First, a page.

Working in advance with USDA’s Farm Service Agency, which is involved with CRP, is highly recommended, too, Franzen says.

He also suggests that ag producers strongly consider no-till farming, especially on marginal ground, when returning CRP land to crops.

Better technology

 

 

 

 

 

 

 

Some CRP land is returned to production because farmers have no real choice. Congress has cut the number of allowable acres in the program, so producers aren’t always able to re-enroll land in CRP in the program even though they want to.

But some CRP land goes back to crops because of new technology that allows once-marginal land to be farmed productively, Burkland says.

Decades ago, he put some saline-stressed fields into the CRP. In recent years, however, he’s returned most of that land to crop production.

“CRP was a short-term answer to climatic problems that we just were having a tough time overcoming with the technology and machinery we had then. Now, it’s 30 years later and we have the technology and machinery and capability to farm that ground,” Burkland says

Once, Burkand had about 500 acres in CRP. Today, he has about 100 acres. Most of the remaining land is in CRP contracts that will expire in the next two years.

Some of those acres, land next to coulees or especially difficult to farm, will be kept in CRP. “But I think most can be successfully cropped with the technology we have in this day and age,” he said.

Burkland, a supervisor for the Grand Forks County Soil Conservation District (the county and its largest city have the same name), takes conservation and soil health seriously.

“This is my 46th crop. And if I knew 46 years ago what I know today, we’d be a lot better off on (dealing with) salinity,” he says. “We’ve learned so much.”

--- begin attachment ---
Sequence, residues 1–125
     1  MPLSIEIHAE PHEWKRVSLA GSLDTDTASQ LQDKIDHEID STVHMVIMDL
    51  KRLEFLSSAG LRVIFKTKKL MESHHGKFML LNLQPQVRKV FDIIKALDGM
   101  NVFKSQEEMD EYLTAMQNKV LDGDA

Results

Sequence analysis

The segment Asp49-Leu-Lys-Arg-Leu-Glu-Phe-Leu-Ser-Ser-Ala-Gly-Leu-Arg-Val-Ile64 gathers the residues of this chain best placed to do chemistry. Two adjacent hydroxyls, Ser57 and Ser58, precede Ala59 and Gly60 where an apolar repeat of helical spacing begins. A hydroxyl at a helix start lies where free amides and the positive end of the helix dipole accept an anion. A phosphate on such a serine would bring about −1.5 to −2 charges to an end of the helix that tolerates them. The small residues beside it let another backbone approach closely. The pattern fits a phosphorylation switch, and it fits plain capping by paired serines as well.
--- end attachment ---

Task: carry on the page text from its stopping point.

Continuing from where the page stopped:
CRP to corn

 

 

 

 

 

 

 

 

Last year, Burkland bought the quarter-section on which he planted corn this spring. It had been in CRP for 20 years but then was tiled in preparation for returning it to crop production. As part of that preparation, the former owner applied Roundup to kill weeds and disked it once to break up sod.

“It looked pretty tough,” Burkland says.

This spring, Burkland did vertical tillage three times to break up the soil further and also applied Roundup (the widely used herbicide) and then another herbicide to control weeds.

Three separate passes of vertical tillage are uncommon for corn, but they were needed to get the ground suitable for planting, Burkland says.

Many crops can be planted successfully on former CRP fields in the first year after they’re returned to crops. But soybeans and corn are common in much of the Upper Midwest; the former supply their own nitrogen, in which former CRP land typically is deficient, while corn can outcompete shorter weeds.

“We were looking for a crop that would grow the best and be the easiest to market. Corn kind of fit the bill,” Burkland says.

As is usually the case with CRP land returned to crop production, the corn field was “way short” of nitrogen, he says. So far, though, there’s been no problem with insects, which sometimes are troublesome on CRP.

Corn emerged well overall across the field, though better in some areas than others. The crop has received adequate rain so far, but much more will be needed.